Esports continues making waves globally

10 years ago, making a living from playing video games was nearly impossible even for hardcore gamers. Video games were meant for having fun and having something to do after work or school.

However, in the last decade the growth of video games and esports has opened up opportunities for people who love playing video games and also want to make money from it. The game that got the engine revving is League of Legends (LoL).

LoL came out in 2009 for PC and is free to download and play at any time. The goal of the game is to destroy the opposing team’s “nexus,” a structure that is placed at the opponent’s base and is protected by defensive structures.

It took the game a little while to develop a huge fan base, but it now has over 100 million players. In 2013 Riot, the producer of LoL, started providing baseline salaries for professional players. Prior to this no other esport had the capabilities of providing money to their pro players unless there was a tournament being held by the organization.

The person that has spearheaded the growth of LoL and esports is Chris Hopper, Head of North American Esports at Riot Games.

“I joined Riot about six years ago and when I joined we didn’t really have an expensive esport presence,” Hopper said. “We were looking to launch leagues in North America and Europe. So, I helped put together league operational things, including rule sets, team agreements and reviewing contracts.”

Hopper has also worked to help grow LoL and the esport scene grow internationally. After helping grow the game overseas, Hopper turned his attention to the North America region.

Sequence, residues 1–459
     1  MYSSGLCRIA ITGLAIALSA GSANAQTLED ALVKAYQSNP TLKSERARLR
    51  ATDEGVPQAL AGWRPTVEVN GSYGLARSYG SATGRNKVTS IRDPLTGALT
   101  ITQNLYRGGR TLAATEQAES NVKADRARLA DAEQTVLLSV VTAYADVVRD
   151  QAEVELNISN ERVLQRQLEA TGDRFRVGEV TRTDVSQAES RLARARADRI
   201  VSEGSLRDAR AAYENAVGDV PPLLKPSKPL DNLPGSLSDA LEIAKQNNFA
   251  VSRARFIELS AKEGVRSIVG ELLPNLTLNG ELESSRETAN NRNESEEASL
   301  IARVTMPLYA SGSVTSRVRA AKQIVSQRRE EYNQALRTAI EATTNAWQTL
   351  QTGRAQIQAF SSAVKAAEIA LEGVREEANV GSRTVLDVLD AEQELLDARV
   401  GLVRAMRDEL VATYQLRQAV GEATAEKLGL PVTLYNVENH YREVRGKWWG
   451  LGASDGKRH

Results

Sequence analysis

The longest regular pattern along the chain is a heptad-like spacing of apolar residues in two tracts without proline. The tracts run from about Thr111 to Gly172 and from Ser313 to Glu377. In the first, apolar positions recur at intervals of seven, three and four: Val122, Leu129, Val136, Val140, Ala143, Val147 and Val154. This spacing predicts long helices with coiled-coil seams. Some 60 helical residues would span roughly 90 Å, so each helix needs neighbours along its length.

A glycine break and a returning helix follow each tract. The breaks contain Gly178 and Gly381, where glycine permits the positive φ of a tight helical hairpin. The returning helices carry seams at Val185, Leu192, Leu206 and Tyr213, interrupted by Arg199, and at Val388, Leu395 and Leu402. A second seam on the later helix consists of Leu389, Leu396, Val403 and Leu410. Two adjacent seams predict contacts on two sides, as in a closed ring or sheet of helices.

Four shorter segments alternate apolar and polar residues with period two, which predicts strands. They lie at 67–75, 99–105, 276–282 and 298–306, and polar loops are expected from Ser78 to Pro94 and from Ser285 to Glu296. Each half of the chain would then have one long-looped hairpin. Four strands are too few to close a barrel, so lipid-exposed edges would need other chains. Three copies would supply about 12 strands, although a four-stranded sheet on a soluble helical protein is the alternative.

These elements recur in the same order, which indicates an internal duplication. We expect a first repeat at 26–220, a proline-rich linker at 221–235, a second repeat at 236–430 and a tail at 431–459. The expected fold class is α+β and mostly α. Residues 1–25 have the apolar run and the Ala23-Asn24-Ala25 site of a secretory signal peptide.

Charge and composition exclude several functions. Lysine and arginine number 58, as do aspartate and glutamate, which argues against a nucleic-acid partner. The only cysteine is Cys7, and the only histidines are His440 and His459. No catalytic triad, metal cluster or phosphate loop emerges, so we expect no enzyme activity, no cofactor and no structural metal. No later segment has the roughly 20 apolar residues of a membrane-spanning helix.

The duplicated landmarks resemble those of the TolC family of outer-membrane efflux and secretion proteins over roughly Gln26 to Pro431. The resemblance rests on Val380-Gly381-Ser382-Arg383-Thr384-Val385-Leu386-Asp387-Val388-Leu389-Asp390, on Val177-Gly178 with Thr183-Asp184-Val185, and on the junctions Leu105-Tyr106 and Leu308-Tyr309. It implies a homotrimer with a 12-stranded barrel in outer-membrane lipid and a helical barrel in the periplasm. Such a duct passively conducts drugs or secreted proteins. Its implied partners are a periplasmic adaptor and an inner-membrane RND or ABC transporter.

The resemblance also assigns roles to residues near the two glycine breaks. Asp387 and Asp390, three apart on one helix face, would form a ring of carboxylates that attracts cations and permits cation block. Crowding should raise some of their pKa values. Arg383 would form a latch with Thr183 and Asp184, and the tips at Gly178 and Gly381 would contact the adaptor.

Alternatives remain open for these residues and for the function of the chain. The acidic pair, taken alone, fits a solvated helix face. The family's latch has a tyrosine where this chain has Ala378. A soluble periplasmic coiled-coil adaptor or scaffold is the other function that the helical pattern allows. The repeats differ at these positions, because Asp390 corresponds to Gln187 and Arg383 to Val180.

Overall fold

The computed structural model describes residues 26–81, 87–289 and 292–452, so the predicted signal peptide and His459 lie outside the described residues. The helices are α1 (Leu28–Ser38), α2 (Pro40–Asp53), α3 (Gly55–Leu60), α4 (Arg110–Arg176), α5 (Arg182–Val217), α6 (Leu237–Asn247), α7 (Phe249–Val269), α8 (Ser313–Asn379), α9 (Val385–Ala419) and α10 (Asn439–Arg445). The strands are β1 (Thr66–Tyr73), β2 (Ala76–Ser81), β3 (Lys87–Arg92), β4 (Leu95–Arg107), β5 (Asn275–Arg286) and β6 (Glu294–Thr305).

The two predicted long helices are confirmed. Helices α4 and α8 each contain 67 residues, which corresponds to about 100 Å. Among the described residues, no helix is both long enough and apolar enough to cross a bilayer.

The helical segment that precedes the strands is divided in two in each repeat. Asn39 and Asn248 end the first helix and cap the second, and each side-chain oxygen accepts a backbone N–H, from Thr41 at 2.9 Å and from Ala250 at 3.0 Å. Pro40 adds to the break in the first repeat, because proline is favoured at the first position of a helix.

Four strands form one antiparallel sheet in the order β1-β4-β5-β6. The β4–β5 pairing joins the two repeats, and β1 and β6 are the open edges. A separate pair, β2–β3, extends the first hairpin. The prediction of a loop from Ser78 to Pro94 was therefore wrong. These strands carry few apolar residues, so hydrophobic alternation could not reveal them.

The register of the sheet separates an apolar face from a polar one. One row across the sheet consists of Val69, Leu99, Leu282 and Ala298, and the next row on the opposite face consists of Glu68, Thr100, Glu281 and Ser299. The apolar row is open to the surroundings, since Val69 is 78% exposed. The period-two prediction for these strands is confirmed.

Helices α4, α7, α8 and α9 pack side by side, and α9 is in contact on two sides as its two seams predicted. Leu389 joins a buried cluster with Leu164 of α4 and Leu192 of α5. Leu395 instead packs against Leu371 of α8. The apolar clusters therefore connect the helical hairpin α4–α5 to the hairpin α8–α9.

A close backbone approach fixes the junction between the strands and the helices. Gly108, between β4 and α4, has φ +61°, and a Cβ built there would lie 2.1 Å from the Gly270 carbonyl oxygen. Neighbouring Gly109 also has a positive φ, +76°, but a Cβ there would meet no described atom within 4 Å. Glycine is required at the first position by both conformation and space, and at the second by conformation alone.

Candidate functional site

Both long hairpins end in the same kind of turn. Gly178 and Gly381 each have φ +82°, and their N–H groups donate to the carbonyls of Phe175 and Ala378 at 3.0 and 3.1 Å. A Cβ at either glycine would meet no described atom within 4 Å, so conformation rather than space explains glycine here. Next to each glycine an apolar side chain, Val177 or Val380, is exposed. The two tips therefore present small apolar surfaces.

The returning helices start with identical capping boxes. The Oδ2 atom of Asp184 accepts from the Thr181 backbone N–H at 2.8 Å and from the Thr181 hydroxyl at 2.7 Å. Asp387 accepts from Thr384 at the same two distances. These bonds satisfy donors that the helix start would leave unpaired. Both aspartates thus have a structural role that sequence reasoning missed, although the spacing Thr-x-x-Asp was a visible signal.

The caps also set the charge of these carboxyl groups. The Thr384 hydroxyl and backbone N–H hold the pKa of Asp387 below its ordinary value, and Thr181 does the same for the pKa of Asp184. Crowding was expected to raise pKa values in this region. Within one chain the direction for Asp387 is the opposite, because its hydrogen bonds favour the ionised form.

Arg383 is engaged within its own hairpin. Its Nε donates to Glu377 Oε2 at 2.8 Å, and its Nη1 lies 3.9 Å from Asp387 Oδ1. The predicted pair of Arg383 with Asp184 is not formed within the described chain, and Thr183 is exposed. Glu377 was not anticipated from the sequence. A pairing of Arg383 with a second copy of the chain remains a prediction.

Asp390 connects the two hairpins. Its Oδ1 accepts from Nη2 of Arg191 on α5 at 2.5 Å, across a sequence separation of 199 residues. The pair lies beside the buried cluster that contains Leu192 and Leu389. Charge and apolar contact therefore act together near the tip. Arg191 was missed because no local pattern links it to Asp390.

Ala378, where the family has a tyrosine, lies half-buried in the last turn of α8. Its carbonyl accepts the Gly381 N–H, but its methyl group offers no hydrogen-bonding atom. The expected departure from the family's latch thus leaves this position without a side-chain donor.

“Across the North American region, we try to promote collegiate gaming as much as we can. We work with schools and athletic conferences to recognize the benefit of esports and LoL.””

— Chris Hopper, Head of Esports North America

“We decided to start building and franchising in North America, so we began taking applications and solidifying partnerships with teams,” Hopper said. “So, I helped to lead those efforts and then following those efforts came in the esports effort in North America. The team I’m working with now we do everything from the broadcast of the show to the operation of the competition.”

When LoL esports began taking off in 2013 the vision was to provide its best players with a way of making money while putting in an enormous amount of time on the game. Since then more people and organizations have gotten involved which has poured more money into the game. Nowadays players in the North American region who are starters for their team make an average $320,000 annually, not including revenue they might earn from tournaments and streaming.

“We have 10 teams in North America,” Hopper said. “Each team has five starters, so that’s 50 players in North America that are averaging 320,000 dollars. Now that’s before any streaming, sponsorship or any prize money they receive. Actually, the top players in North America are making way above that number. In other leagues that average salary might be higher like in China.”